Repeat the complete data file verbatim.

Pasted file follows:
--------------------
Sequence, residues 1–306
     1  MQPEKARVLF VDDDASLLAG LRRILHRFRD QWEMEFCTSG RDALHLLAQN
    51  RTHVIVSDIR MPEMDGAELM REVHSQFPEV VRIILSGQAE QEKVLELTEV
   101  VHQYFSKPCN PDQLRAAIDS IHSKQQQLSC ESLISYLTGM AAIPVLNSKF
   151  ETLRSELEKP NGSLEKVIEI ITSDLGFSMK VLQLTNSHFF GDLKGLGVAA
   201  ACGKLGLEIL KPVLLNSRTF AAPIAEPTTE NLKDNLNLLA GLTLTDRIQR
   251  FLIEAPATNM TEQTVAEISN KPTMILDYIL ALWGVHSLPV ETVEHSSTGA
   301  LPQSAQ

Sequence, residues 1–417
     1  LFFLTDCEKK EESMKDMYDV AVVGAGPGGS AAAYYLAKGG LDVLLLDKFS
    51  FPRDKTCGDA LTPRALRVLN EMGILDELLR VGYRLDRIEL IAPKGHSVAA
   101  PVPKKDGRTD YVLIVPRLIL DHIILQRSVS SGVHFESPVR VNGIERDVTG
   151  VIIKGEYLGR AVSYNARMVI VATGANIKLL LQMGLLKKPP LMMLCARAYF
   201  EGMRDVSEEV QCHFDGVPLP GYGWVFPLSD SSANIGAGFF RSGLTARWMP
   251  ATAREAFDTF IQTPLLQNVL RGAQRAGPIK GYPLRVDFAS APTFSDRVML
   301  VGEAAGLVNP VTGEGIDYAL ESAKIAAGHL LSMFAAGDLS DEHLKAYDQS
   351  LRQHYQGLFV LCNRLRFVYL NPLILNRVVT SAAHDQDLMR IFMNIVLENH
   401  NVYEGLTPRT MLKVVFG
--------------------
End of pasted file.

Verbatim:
Sequence, residues 1–306
     1  MQPEKARVLF VDDDASLLAG LRRILHRFRD QWEMEFCTSG RDALHLLAQN
    51  RTHVIVSDIR MPEMDGAELM REVHSQFPEV VRIILSGQAE QEKVLELTEV
   101  VHQYFSKPCN PDQLRAAIDS IHSKQQQLSC ESLISYLTGM AAIPVLNSKF
   151  ETLRSELEKP NGSLEKVIEI ITSDLGFSMK VLQLTNSHFF GDLKGLGVAA
   201  ACGKLGLEIL KPVLLNSRTF AAPIAEPTTE NLKDNLNLLA GLTLTDRIQR
   251  FLIEAPATNM TEQTVAEISN KPTMILDYIL ALWGVHSLPV ETVEHSSTGA
   301  LPQSAQ

Sequence, residues 1–417
     1  LFFLTDCEKK EESMKDMYDV AVVGAGPGGS AAAYYLAKGG LDVLLLDKFS
    51  FPRDKTCGDA LTPRALRVLN EMGILDELLR VGYRLDRIEL IAPKGHSVAA
   101  PVPKKDGRTD YVLIVPRLIL DHIILQRSVS SGVHFESPVR VNGIERDVTG
   151  VIIKGEYLGR AVSYNARMVI VATGANIKLL LQMGLLKKPP LMMLCARAYF
   201  EGMRDVSEEV QCHFDGVPLP GYGWVFPLSD SSANIGAGFF RSGLTARWMP
   251  ATAREAFDTF IQTPLLQNVL RGAQRAGPIK GYPLRVDFAS APTFSDRVML
   301  VGEAAGLVNP VTGEGIDYAL ESAKIAAGHL LSMFAAGDLS DEHLKAYDQS
   351  LRQHYQGLFV LCNRLRFVYL NPLILNRVVT SAAHDQDLMR IFMNIVLENH
   401  NVYEGLTPRT MLKVVFG